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Thursday, 24 July 2014

Down The Mozambique Channel



Yesterday was a day of repairs and finding out how well our repairs work.

We also made some progress into the narrowest part of the Mozambique channel. Just where Africa makes a bulge and Madagascar has a cape by the name of Cap St Andre.

We topped up our fuel from our spare diesel in canisters. I also recalculated our consumption. The repair on the main sheet was tested and found serviceable. I also lifted some of the restriction on the usage, as we have very mild weather at present.

It appears that the weather is settled into a standard pattern of a southerly wind commencing from just after midnight, backing to south-east early in the morning. Nice and steady, it blows at around seventeen knots. This wind continued through the day, dying away towards the middle of the afternoon. Then we motor.

It is here we I had to re-plan the strategy for this part of the voyage. How fast can we go for how long? We need the batteries to start the motors as well as for keeping our freezer cold. Not to mention our water maker.


We don't carry overly much water, but have enough for the voyage plus some spare. But it does mean that we need to economise on fuel usage.

We appear to have picked up some current as we leave behind the influence of the Madagascan “mainland.” Which helps a lot.

Madagascar is an island, but it is large enough to count as mainland as far as influencing the weather is concerned. Hopefully this influence will wane as we cross to the African side of the Mozambique channel.

As of the time of writing we just on a thousand miles away from Durban, our next port of call. Home. Well, almost.

But very frustrating when you sail at seven and a half knots for half the day, then chug along at four knots to conserve fuel for the rest of the time. Daily runs are sitting at around one hundred nautical miles per day, while we are expecting at least a hundred and fifty.

The vagaries of sailing.

We plan to make a stopover in Durban to rest and recover. The boat needs some attention and tlc after my ministrations, so there is work to be done. The next leg of the voyage includes rounding of two of the four most notorious capes in the world, namely Cape Agulhas and Cape Point. And it is winter there at the moment. You want the boat to be as ready as possible before starting the voyage.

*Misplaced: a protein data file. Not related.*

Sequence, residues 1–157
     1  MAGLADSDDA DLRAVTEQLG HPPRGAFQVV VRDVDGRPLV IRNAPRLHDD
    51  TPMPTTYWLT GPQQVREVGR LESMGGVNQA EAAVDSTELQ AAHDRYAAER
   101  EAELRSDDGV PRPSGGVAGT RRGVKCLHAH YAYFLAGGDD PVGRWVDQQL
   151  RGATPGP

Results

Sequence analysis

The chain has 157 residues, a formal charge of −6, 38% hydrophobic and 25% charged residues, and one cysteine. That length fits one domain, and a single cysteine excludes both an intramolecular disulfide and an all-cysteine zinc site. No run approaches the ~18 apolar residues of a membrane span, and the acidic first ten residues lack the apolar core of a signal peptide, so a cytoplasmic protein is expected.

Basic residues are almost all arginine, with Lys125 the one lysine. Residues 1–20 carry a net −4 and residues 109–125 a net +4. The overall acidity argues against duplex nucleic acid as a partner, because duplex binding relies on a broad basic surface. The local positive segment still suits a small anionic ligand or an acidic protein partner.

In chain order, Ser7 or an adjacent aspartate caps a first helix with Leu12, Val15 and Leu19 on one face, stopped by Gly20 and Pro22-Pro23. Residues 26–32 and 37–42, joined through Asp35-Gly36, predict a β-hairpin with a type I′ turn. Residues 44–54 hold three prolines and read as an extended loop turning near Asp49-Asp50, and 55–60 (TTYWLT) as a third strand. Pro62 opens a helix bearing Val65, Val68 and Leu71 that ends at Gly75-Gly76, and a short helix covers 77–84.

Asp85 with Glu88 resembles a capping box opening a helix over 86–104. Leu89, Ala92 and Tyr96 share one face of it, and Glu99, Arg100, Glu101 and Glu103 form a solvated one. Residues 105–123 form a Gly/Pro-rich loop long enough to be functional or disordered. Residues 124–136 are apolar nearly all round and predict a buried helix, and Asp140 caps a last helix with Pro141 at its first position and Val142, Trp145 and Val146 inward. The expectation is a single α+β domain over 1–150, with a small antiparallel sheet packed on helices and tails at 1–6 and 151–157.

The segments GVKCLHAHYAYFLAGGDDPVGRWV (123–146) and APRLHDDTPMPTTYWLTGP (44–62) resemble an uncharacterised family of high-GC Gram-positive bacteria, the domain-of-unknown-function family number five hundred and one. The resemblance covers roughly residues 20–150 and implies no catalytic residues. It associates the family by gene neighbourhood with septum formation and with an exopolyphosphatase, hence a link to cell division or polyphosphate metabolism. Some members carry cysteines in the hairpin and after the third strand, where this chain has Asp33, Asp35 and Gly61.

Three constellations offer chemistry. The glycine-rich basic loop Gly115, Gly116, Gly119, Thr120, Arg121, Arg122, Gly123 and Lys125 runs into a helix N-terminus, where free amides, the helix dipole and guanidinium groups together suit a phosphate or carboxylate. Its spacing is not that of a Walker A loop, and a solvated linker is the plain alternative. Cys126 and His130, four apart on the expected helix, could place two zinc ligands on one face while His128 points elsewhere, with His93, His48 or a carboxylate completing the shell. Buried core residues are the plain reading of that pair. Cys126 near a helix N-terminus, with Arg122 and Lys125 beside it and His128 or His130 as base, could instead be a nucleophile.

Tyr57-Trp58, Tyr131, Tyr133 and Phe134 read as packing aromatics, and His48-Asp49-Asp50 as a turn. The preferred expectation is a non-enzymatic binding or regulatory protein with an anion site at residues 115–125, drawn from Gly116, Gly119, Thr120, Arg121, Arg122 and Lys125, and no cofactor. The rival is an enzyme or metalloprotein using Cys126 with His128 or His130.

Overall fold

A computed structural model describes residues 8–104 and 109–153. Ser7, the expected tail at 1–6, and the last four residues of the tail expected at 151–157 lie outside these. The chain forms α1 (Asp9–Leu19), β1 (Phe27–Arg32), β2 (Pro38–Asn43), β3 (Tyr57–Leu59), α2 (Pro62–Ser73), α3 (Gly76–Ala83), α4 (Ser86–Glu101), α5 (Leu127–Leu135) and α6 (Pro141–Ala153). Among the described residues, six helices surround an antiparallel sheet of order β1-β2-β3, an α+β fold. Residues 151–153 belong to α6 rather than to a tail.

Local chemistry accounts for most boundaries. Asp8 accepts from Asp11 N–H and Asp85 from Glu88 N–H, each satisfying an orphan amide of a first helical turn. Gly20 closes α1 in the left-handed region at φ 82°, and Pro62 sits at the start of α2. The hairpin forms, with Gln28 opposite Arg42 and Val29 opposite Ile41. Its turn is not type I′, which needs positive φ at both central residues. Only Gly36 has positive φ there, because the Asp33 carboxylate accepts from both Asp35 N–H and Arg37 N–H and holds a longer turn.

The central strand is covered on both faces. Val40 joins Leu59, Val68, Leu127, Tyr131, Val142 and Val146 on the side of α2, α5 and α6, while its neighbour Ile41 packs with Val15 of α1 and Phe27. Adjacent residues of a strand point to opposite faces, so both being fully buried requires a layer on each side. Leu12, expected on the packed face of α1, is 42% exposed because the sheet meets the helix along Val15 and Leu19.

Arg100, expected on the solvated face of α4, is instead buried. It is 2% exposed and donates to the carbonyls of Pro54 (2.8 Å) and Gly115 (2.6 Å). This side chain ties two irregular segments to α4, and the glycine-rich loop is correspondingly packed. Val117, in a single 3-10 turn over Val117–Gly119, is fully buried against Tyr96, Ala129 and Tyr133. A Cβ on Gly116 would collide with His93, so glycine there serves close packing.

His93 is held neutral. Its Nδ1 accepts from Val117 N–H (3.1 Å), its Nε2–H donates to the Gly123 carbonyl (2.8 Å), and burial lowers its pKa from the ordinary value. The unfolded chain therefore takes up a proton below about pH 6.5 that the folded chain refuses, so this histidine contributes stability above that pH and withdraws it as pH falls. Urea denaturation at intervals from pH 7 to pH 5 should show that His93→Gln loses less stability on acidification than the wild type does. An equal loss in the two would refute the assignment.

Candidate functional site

On this delivery we have the luxury of a large video screen, so movies after dinner seem to be in fashion on board. Some relaxation, forsooth.

I have yet to read a book on this voyage I have been kept busy with the captain's work, which never stops. And I have been the main cook on board as well. All of this, along with working my shifts, take up most of my waking time, so hardly any time left for reading.

I am managing my time to have as much sleeping time as possible. Which is not saying much. Normally with our watch-keeping we work three hours on and six hours off. However, in my case I have to cook dinner. So every day I have to be awake from around four-thirty in the afternoon to start preparing dinner.  I have a broken sleeping schedule two days out of three.

It takes a toll after a while. My erstwhile skipper will probably laugh. He explained this several times on our previous voyages, with little effect. It is only now that I am wearing the same shoes that the message hits home. At least I feel like I am growing into this role and that my body clock has adapted.

My sleeping pattern now is something like sleep two hours every now and then. Sum total of sleeping hours per day then comes to around eight, but in snippets. Eating sensibly and smaller portions help a lot to stay alert and mentally agile for the task at hand.


Our freezer now has some space for more fish. But that is not all. I have this idea of using some of the fresh pineapple to make a sour ferment to use as vinegar. Then we can have a lovely fruity pickle for the fish, unique to the Hungry Sailor. Spices are no problem, we just left one of the hubs of the spice trade.

I am looking forward to this one. Imagine, a totally natural and chemical free fish pickle. Organic, too. I very much doubt whether the locals use GM seeds to grow their pineapple crops. From what I have seen, they use the wild ones to restart new growth.

And not to mention fish biltong. Properly spiced and dried fish, using our own home made vinegar. The plans are in place, along with the logistics. Now all we need is some fish.

I shall start the vinegar tomorrow. We have a pineapple left. And some local rum from Madagascar to disinfect the whole lot.

Ahh, what fun it is to have creative ideas using appropriate technology!



Authored by Johan Zietsman

Last updated on 2014-07-04





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